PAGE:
Complex Problems need innovative solutions:

At the end of 2021, we set ourselves a challenge: to bring the safe on-site generation and storage of hydrogen as an alternative energy source to all.

To democratise

To build something initially small
but massively scalable

To build something that people
feel safe to use in their home

None of these goals are easily reached

The commercial challenges are as big as the technical.

Where the solutions exist we work
with the most suitable suppliers.

Where they don’t, we develop strategic partnerships with those who are trying to solve a problem in ways, we find exciting.

And/or we
innovate internally.

3 Questions drive everything we do:

  • How safe is this: Would we be happy to have it in our home? 
  • What is its environmental impact?
  • Can the price to the consumer be significantly reduced as production scales up? 

Our journey so far...

Our journey started with trying to make Hydrogen

1. Generating Hydrogen

We looked at the methods for generating hydrogen and decided to use a PEM electrolyser. The search for a suitable one led to many dead ends. 

The Challenges

  • Electrolysers are far too expensive because traditional demand has been for lab or industrial-scale devices.
  • The constituent materials of existing electrolysers are inherently expensive: they use catalysts such as Platinum and Iridium and the global shortage of Iridium will likely pose a real threat to hydrogen production.
  • Most electrolysers use a membrane called Nafion that is not only expensive but also has poor green credentials, in terms of both its production and disposal – it does not biodegrade.

Our Solution

  • Partner with leading electrolyser technology companies to produce the earth-friendly components we need.
  • Partner with patent-holding, game-changing non precious metal catalyst developers to explore building platinum-free electrolysers. 
  • Investigate and partner with companies developing innovative, cost effective membranes.

2. Storing Hydrogen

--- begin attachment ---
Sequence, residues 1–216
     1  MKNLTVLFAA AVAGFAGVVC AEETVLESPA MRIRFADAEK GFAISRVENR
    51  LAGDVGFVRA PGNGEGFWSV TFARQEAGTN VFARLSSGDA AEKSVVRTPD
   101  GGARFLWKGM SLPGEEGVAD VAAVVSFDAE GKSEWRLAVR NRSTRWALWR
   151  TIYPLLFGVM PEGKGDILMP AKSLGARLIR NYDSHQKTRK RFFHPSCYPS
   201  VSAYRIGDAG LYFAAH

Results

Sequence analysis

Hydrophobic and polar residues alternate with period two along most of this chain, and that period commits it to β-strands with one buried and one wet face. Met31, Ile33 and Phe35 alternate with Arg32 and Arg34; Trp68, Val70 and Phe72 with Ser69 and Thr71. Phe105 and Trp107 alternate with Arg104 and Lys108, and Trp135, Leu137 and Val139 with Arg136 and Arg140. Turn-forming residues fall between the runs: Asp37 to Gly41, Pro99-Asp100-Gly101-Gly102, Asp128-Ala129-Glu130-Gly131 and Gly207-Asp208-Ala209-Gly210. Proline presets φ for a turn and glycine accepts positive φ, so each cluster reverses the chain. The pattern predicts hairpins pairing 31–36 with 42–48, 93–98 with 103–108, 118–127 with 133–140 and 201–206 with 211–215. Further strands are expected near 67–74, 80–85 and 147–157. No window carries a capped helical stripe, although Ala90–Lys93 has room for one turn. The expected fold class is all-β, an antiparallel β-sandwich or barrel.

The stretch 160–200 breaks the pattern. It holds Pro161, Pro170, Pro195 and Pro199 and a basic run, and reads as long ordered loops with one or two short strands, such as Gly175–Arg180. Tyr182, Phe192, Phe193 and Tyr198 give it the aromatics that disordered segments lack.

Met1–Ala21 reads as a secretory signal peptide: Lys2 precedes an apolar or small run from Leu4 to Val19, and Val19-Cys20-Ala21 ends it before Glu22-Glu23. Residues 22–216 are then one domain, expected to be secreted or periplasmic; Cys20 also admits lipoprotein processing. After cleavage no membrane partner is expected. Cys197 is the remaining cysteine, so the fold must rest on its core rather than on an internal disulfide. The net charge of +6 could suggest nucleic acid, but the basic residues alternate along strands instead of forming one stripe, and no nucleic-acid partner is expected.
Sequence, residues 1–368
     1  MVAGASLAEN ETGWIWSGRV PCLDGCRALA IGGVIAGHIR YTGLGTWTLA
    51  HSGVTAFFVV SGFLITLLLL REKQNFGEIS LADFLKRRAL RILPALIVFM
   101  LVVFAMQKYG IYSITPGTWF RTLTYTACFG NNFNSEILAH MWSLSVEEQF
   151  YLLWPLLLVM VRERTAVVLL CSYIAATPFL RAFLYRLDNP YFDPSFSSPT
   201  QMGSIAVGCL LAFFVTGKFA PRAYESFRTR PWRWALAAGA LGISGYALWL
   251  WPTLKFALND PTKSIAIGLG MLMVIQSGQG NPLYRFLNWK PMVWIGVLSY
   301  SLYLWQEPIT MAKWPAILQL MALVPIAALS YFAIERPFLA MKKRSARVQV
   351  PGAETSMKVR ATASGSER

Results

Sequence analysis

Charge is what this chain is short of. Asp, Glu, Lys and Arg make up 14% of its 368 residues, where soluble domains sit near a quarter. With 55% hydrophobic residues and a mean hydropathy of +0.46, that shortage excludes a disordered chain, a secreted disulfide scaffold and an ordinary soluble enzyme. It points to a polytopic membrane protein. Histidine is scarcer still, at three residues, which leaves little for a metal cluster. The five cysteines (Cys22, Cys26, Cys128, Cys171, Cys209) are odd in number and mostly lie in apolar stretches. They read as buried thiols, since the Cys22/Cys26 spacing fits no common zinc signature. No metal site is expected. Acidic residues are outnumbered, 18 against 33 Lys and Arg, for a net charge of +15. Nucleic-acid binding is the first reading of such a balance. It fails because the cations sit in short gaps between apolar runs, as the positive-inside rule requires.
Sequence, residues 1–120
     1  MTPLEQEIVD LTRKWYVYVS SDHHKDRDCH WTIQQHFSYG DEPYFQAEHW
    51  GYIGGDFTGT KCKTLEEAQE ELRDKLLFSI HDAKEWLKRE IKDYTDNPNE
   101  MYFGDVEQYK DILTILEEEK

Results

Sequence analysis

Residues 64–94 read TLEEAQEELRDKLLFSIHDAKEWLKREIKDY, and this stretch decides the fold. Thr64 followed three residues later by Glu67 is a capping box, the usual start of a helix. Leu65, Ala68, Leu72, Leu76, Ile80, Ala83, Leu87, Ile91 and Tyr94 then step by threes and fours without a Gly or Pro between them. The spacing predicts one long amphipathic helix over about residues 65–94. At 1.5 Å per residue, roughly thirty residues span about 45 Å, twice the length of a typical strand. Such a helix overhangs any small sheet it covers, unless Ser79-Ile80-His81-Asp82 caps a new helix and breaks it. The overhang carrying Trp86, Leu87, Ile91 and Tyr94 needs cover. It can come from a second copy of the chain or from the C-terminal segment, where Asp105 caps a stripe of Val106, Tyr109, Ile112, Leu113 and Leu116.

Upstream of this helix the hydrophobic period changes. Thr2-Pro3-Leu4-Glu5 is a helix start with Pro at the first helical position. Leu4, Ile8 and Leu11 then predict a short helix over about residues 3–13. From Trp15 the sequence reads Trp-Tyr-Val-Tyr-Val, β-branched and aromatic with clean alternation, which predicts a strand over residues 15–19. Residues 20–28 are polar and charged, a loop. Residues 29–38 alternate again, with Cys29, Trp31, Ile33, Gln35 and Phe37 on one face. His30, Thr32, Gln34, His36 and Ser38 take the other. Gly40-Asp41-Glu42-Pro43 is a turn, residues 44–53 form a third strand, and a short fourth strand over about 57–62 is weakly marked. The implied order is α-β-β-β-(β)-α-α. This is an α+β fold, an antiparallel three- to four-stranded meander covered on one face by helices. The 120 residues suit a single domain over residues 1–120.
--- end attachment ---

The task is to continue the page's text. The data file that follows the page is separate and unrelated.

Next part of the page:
Hydrogen has a high theoretical energy density but storing it is not easy. 
The options are to Liquify, Pressurise or Use a Carrier.

The Challenges

  • Liquification: Storing hydrogen in its liquid state gives the highest energy density. However, unlike LPG, Hydrogen cannot easily be liquified: it has to be cooled down to -253 degrees and kept there, which takes a lot of energy.
  • Pressurisation: This is the most common way to store hydrogen (and how it is typically stored for use in vehicles) and there is a lot of development into high pressure tanks made from steel and carbon fibre. The energy density is good but it takes a lot of energy to compress hydrogen to the required levels (300-700atm – 75-175X more pressure than bike wheel). Many of the large industrial electrolysers can generate hydrogen at very high pressure but this can present a challenge at the smaller scales TFE is exploring. There are also significant safety concerns around working with gas at this significant pressure in a domestic setting.
  • Using a carrier: Using another material as a hydrogen carrier can be a great idea. Metal hydride is one such carrier which offers significant benefits from a safety perspective. It can operate at comparatively low pressures (10-30atm) and the hydrogen is chemically bonded to it; This means accidental release of large amounts of hydrogen is unlikely, and the storage is stable over a long period of time. We therefore opted to take the hydride storage route but once again struggled to find exactly what we were looking for for our particular application: Whilst fairly well established, hydrides are still very much in their infancy from a commercial perspective and are typically expensive and difficult to manage. 

Our Solution

  • Innovative hydride: We have partnered with Nottingham University to use their innovative hydride product and to tap into their wealth of knowledge around it: Their hydride solution scales well as it avoids inherently expensive materials, which reduces the overall cost by 75%. We are using this hydride together with some innovative control systems, developed by TFE to fill and discharge the gas both for the full Smart Tank system and a standalone hydrogen storage tank.


3. Safely using Hydrogen

Hydrogen has different properties to the LPG  that we are used to and concerns around its safety are certainly a barrier to its adoption.

The Challenges

  • Hydrogen burns quickly and at a high temperature, faster and hotter than LPG.
  • It is odourless and difficult to detect if leaks have occurred.   
  • Hydrogen detection systems are expensive and designed for labs and industrial use.

Our Solution

  • We are building our own range of inexpensive hydrogen detectors similar to smoke alarms.
  • They will be connected to our smart tank and potentially other hydrogen sources so that gas can be automatically cut off and they are internet-connected to allow for mobile alerts etc.

We are always open to new conversations

Contact Us